GaGrl and others are encouraging me to let him feel his own discomfort instead of carrying it for him. It's counterintuitive for both of us. You are so right. He wants me to help him and take it away! He thinks I created this. He is angry with me because he genuinely believes I can fix all of this by "just talking to her."

He resents me and perhaps he feels unloved because I won't help?

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« Reply #10 on: December 03, 2019, 09:30:11 AM »


I can genuinely see how much he's carrying, and again, you put it in a way that I can actually picture what's happening in his head, and what he wants from me. When I didn't understand it, I used to help him carry it. Then I became a target for her, and I didn't like that, so I screwed up by trying to point out that his mom was to blame.


My husband could carry stuff for me for a while when he was still "fresh" and mom wasn't comfortable with him yet. And when he said things to her even slightly correctional or in my defense she had bad reactions that have left with his own hurts, anger, and a huge wall up. Like you are no doubt feeling now.


GaGrl and others are encouraging me to let him feel his own discomfort instead of carrying it for him. It's counterintuitive for both of us. You are so right. He wants me to help him and take it away! He thinks I created this. He is angry with me because he genuinely believes I can fix all of this by "just talking to her."

He resents me and perhaps he feels unloved because I won't help?


The resentment for me comes from the fact that navigating a relationship that is supposed to be safe and supportive but it just cannot be. Jealousy comes out that my husband doesn't have this level of emotional warfare on his end.  Our mothers (mine and your H?) are bottomless pits. Always needing more than one person can give so often times we are giving out of a negative balance.

Depending on our significant others to fill us back up and quickly please please. Why cant mom just feel love for goodness sake!! I gave her everything I have. Heartbreaking!! Why can't she ever check in to see if I am having a good time or be happy for my joys?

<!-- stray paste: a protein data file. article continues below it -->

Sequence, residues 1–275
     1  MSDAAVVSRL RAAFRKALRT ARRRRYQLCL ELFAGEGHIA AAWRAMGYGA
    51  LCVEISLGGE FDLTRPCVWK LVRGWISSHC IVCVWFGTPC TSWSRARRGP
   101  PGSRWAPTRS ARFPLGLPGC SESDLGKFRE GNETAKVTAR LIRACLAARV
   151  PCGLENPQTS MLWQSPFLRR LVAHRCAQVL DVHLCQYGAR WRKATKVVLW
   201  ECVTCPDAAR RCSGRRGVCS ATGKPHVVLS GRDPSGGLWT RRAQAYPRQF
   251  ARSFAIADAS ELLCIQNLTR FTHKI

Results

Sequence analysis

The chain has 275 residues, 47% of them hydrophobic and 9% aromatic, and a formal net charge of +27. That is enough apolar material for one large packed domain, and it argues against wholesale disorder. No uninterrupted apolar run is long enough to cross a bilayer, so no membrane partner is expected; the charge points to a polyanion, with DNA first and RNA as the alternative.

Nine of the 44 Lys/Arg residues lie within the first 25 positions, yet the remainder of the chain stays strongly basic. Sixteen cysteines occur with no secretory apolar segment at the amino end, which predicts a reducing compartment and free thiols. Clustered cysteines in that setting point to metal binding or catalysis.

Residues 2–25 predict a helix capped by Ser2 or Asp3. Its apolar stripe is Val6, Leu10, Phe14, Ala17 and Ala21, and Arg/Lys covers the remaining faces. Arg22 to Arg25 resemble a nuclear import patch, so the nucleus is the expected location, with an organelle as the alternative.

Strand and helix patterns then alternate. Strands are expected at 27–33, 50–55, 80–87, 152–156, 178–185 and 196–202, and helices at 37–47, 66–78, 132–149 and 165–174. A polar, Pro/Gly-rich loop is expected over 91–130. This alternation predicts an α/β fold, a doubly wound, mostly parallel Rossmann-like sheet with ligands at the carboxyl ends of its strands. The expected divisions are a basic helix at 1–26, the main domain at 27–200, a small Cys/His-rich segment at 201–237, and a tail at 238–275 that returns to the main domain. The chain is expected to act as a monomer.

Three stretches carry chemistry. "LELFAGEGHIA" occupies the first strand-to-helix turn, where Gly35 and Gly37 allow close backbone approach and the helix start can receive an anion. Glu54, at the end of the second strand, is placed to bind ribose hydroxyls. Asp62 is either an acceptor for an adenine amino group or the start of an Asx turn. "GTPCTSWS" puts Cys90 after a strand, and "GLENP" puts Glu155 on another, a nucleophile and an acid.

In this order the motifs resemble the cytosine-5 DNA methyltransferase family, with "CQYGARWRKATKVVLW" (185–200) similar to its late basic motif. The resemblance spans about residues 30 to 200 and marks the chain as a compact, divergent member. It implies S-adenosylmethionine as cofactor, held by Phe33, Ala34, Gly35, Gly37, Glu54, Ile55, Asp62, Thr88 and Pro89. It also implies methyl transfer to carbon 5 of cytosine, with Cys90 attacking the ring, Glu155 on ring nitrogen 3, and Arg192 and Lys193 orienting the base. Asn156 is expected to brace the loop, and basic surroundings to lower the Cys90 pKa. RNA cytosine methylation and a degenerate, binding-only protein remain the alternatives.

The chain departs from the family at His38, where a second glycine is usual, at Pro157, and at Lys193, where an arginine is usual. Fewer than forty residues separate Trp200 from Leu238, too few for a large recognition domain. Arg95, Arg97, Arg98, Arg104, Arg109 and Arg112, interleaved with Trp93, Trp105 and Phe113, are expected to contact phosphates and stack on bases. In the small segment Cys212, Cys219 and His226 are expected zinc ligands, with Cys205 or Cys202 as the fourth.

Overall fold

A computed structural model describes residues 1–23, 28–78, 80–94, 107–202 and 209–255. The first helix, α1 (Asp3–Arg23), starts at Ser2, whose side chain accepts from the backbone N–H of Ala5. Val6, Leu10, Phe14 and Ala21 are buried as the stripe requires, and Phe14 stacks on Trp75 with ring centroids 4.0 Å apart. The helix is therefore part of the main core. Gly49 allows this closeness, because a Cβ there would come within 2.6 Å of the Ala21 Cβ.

Now I don't feel loved either, and omg...HUSBAND YOU LOVE ME RIGHT???? Please don't see flaws in me I just want and need love.

Or the other shoe to this, I'm mad at Husband bc maybe he could have done something to help my mom feel love too... and he didn't.
(Impossible)



« Last Edit: December 03, 2019, 09:40:21 AM by Imatter33 » Logged
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« Reply #11 on: December 03, 2019, 11:16:09 AM »

This is so interesting. It's like you give me a little window into my H.

My husband could carry stuff for me for a while when he was still "fresh" and mom wasn't comfortable with him yet. And when he said things to her even slightly correctional or in my defense she had bad reactions that have left with his own hurts, anger, and a huge wall up. Like you are no doubt feeling now.

It's weird, but I feel affirmed when you understand and can explain.

I am trying so hard to interpret what he says. He will say, "you were fine, you said nothing, then all of a sudden, you freaked out."

That is not at all true. I've been hurt by her behavior for years, and I shared my frustration with him pretty frequently. He dismissed it and my feelings because he wasn't able to accept what he was hearing. My patience wore thin, and when she crossed a significant boundary, I realized he would not defend our boundary or us, and I spoke up emotionally, but respectfully.

In light of that, I think I need to interpret what he said to mean, "I was comfortable with the way things were, then you spoke up and hurt mom. Now look what you've done." This allows me to spend less time feeling like I'm the twilight zone defending things I know actually happened, and more time understanding his emotion.

The resentment for me comes from the fact that navigating a relationship that is supposed to be safe and supportive but it just cannot be.